"Men for whom the security of unionised labour in the manufacturing industries is becoming a distant memory are experiencing a huge displacement from modern economic trends. It’s been replaced by casualised, service-oriented work with relatively low wages. In essence, their work has been feminised."

Online Opinion, 2013

"In the Western world, it can be seen among the traditionally white Anglo-Saxon working class, for whom the security of unionised labour in the manufacturing industries is slowly but surely becoming a distant memory. It is (sic) been replaced by casualised, service-oriented work with relatively low wages. In essence, their work is being feminised..."

Sydney Morning Herald, 2012

"Men, for whom the security of unionised labour in the manufacturing industries is slowly but surely becoming a distant memory, are experiencing a huge displacement from modern economic trends. It's been replaced by casualised, service‐oriented work with relatively low wages. In essence, their work has been feminised...."

Sydney Morning Herald, 2011

"Men for whom the security of unionised labour in the manufacturing industries is slowly but surely becoming a distant memory are experiencing a huge displacement from modern economic trends. It's been replaced by casualised, service-oriented work with relatively low wages. In essence, their work has been feminised, a development exacerbated by the financial crisis"

Sydney Morning Herald, 2010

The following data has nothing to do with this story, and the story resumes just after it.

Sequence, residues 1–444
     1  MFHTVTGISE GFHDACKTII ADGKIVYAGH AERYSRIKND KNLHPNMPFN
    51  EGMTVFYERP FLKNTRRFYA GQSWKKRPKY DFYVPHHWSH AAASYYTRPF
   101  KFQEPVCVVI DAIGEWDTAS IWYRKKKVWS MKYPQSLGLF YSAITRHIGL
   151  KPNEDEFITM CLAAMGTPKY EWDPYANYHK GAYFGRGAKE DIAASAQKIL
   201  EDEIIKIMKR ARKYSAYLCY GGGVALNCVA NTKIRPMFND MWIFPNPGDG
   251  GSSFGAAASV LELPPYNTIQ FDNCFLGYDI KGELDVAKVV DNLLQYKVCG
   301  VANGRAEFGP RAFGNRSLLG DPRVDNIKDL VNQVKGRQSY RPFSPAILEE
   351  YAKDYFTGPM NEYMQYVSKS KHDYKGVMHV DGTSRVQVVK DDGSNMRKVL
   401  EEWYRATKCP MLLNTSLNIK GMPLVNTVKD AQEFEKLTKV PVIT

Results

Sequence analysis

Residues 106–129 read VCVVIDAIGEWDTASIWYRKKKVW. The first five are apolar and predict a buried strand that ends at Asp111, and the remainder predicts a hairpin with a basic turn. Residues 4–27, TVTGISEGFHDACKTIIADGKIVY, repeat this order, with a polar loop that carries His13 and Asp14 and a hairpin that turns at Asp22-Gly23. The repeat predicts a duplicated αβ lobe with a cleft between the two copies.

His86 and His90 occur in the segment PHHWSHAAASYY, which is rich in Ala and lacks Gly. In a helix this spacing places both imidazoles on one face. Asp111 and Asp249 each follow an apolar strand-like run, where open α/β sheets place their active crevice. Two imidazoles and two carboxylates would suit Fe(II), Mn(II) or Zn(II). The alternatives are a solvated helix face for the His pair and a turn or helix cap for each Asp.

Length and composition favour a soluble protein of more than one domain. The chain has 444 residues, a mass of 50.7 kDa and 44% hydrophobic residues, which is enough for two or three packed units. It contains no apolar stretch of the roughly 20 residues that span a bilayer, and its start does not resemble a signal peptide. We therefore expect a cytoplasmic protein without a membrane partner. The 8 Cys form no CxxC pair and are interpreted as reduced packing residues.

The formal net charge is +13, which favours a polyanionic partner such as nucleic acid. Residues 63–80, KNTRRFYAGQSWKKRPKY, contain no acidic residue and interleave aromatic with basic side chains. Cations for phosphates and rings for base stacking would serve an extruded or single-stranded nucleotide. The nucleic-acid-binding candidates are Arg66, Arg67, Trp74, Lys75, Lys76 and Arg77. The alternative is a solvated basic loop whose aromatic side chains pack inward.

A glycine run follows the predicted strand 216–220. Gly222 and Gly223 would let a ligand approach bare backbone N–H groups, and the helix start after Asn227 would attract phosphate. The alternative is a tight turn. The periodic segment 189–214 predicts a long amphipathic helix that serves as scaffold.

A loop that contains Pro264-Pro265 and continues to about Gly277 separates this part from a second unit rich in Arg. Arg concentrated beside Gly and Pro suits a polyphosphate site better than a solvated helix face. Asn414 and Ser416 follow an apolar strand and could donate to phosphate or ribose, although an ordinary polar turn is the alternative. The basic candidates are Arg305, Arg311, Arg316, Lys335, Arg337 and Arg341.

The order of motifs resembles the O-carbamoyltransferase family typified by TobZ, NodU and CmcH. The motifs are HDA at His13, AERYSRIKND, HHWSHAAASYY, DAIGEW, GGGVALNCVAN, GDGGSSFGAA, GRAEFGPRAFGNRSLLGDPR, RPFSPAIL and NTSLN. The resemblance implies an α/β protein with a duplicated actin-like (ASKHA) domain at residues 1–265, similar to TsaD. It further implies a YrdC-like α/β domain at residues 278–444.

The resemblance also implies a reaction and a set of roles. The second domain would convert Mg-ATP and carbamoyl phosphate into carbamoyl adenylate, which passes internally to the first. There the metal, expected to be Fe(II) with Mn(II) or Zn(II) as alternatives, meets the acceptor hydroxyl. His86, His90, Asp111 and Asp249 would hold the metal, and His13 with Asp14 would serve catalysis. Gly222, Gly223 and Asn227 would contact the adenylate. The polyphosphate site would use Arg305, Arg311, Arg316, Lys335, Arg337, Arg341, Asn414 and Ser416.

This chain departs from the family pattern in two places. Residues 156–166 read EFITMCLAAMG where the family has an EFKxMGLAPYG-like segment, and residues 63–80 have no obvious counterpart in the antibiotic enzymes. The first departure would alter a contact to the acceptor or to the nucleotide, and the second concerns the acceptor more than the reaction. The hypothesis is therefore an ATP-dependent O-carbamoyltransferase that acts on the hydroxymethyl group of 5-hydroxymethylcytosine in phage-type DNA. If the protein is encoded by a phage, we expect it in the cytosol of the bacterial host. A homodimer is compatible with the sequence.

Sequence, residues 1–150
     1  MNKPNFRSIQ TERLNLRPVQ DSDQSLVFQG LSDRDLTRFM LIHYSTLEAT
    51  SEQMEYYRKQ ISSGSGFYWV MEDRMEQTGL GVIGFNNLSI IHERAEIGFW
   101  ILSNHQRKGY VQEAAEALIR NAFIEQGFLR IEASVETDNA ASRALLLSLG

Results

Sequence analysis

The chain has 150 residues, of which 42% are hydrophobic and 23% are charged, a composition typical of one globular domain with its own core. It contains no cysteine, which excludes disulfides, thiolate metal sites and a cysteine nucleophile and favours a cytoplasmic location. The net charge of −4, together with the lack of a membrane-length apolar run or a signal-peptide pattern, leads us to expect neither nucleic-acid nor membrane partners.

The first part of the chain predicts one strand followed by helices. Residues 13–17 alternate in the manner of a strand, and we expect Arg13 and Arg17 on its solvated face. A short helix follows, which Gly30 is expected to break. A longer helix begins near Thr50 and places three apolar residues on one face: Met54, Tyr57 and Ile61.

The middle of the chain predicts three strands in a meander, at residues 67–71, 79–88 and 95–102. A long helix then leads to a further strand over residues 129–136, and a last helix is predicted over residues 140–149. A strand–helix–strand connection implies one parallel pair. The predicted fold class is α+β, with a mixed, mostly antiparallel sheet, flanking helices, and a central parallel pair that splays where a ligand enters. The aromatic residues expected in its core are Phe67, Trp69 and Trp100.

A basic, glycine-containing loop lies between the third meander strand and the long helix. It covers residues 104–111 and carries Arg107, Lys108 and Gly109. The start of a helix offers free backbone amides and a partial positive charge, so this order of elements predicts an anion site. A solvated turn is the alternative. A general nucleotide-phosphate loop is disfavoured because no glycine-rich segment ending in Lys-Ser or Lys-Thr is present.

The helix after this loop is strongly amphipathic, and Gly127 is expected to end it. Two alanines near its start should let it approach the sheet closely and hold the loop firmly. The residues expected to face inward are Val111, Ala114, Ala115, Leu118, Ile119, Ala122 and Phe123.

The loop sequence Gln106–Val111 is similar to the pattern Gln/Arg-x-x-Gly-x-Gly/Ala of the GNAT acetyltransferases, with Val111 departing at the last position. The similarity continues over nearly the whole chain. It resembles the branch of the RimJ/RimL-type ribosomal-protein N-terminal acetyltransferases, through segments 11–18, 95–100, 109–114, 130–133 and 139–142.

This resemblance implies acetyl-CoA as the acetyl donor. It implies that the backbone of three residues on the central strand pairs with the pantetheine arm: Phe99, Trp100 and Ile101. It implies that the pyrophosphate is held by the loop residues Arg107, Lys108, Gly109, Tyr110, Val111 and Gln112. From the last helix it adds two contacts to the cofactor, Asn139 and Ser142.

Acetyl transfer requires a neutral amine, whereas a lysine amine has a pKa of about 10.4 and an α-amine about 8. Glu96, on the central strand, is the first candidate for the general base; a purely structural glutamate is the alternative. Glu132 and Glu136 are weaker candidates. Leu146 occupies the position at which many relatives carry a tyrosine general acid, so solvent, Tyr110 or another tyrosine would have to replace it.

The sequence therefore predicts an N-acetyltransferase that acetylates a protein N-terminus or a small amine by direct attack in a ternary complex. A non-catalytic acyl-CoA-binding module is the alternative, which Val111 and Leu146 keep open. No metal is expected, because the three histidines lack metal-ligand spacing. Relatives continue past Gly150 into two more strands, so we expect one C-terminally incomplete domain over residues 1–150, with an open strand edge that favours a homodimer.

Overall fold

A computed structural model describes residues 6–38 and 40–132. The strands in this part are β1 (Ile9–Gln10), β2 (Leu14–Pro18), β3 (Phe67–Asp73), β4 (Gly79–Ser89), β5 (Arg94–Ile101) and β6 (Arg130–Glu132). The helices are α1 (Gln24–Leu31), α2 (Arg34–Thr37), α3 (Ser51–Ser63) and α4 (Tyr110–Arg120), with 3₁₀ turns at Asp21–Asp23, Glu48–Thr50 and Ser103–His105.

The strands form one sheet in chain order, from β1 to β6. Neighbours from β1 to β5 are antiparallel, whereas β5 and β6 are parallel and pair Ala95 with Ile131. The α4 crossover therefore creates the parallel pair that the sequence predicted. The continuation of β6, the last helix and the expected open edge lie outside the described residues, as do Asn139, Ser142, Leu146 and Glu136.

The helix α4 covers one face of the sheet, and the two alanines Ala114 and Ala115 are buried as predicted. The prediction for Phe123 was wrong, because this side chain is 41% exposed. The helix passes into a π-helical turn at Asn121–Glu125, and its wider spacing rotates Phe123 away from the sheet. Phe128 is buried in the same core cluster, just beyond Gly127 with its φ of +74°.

"Men are experiencing a huge displacement from modern economic trends. In the Western world, it can be seen among the working class, traditionally white Anglo-Saxon, for whom the security of unionised labour in the manufacturing industries is slowly but surely becoming a distant memory. It's been replaced by casualised, service-oriented work with relatively low wages. In essence, their work has been feminised, a development exacerbated by the financial crisis."

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This rabbit hole is curiously deep. Ahmed wrote an article in the Medical Journal of Australia in 2013, outlining his views on alternative medicine. At the end, there’s this note:

“Dr Ahmed has given an assurance to MJA InSight that this is his original work”

To the plagiarism checker:

Ahmed, MJA, 2013

“The thinking is that the human body has an energy to it that can be guided by external manipulation, much the way that matter and tissues are influenced by chemicals and radiation in conventional medicine.”

Dworkin, 2001